Honorable Few – Capt. J.J. Harris

Marine Corps League Detachment #1302

Virginia education program cuts for military families spark backlash

Kristen Fenty of Virginia Beach says her daughter Lauren only got one moment of physical proximity to the father she never got a chance to know. It happened when she was a baby, still small enough to be lifted onto her father’s casket.

As a room full of government officials listened Monday, Fenty told the group that her daughter — who was 28 days old in 2006 when her dad, Lt. Col. Joe Fenty, was killed in a helicopter crash — is now 18, preparing to go to college and hoping to eventually go to medical school.

But a tuition waiver program Fenty assumed would help pay for her daughter’s education, the Virginia Military Survivors and Dependents Education Program, has been thrown into limbo due to state leaders’ controversial efforts to cut the program’s growing costs.

“Societies that do not share the cost of war topple,” Fenty said, adding that she hopes the Virginia General Assembly will “right this wrong.”

At the first meeting of a bipartisan task force Gov. Glenn Youngkin convened to study the VMSDEP program and its growing financial impact on Virginia’s public higher education system, Youngkin administration officials and General Assembly members said they were committed to listening to military families and see their well-being as a top policy priority. Fenty was one of several military spouses and veterans selected to serve on the task force, which she called “both an honor and an agony.”

Over the course of several hours Monday afternoon at the Virginia War Memorial building in Richmond, public officials mostly took a rhetorical beating from military veterans and Gold Star spouses who said they felt betrayed by an insular, out-of-touch political class.

“These past two months have shown me the ugly side of Virginia’s government,” said task force member Donna Lewis, a mother of three whose husband was killed in combat in Iraq. “Countless senators and delegates we met with said they were told the impact on our families would be minimal.”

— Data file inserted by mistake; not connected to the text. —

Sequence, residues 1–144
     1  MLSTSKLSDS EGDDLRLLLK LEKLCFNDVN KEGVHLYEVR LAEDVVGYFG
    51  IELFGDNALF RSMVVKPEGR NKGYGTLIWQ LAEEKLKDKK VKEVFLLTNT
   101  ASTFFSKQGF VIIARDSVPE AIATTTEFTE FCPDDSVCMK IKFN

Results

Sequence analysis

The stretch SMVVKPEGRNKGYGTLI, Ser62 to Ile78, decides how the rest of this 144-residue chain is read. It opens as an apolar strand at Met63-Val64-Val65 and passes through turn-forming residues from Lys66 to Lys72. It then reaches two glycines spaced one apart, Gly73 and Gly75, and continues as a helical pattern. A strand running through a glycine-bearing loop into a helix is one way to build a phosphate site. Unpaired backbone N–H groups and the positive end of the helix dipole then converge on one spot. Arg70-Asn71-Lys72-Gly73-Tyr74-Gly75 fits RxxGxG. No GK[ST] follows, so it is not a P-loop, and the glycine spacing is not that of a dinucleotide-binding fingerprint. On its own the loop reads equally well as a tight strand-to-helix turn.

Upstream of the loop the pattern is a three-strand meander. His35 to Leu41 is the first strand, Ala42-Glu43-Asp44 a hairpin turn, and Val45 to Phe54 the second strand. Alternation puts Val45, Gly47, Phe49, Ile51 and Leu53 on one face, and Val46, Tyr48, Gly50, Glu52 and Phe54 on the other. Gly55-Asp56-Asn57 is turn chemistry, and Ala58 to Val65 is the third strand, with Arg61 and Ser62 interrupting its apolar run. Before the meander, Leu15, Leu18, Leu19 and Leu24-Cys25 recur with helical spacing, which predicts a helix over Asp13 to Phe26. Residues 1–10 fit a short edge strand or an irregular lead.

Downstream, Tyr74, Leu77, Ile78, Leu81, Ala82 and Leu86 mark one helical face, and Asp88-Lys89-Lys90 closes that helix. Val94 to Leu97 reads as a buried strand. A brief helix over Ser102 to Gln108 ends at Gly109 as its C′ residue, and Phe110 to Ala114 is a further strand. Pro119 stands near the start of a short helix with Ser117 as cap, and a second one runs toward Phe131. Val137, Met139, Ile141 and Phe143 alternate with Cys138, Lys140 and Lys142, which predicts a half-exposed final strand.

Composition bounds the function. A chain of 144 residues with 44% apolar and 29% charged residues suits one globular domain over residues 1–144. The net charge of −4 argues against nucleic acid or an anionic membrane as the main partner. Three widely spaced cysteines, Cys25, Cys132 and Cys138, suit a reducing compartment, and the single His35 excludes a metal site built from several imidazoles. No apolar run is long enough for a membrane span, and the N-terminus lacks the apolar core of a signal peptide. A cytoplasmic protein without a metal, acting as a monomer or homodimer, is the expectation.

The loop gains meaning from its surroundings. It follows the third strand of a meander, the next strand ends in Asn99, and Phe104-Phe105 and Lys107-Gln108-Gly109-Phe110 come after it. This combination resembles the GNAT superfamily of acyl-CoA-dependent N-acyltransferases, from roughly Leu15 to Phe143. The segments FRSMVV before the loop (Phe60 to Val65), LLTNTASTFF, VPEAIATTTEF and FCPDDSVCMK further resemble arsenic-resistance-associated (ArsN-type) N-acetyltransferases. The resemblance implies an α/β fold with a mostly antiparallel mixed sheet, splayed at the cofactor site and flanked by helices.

Lewis said she hoped the task force would be productive, but was skeptical after watching what she called “institutional betrayal in its highest form.”

General Assembly leaders have pointed to data showing the VMSDEP program, which provides tuition waivers to spouses and children of military members killed or permanently disabled as a result of their service, has grown exponentially over the last five years. With VMSDEP beneficiaries essentially given the opportunity to go to college for free, some Virginia universities have raised concerns that they can’t continue absorbing the costs of enrolling a growing number of VMSDEP beneficiaries that don’t pay tuition. Those added costs, some policymakers have argued, will ultimately be felt by taxpayers at large or by tuition-paying students who might have less ability to pay than families receiving military benefits.

According to data presented by state officials, VMSDEP participation has grown by nearly 350% over the last five years, jumping from 1,400 students in 2019 to 6,400 in 2023.

The revised program imposes a stricter Virginia residency requirement, prevents the waivers from being used for advanced degrees or a second undergraduate degree and requires participants to first pursue other forms of financial aid and only use VMSDEP for remaining costs.

The attempted trimming of the program enraged military veterans and their families, who have bristled at the idea they’re becoming a burden on public universities that they say don’t seem particularly hard up for cash. Supporters of the VMSDEP program also contend it’s a benefit earned through the sacrifices of adults and children alike and shouldn’t be tied to a family’s ability to pay like other forms of financial aid. Policymakers’ attempts to shield current VMSDEP beneficiaries from the changes fell short, the critics argue, by being unclear and leaving many families uncertain about their status.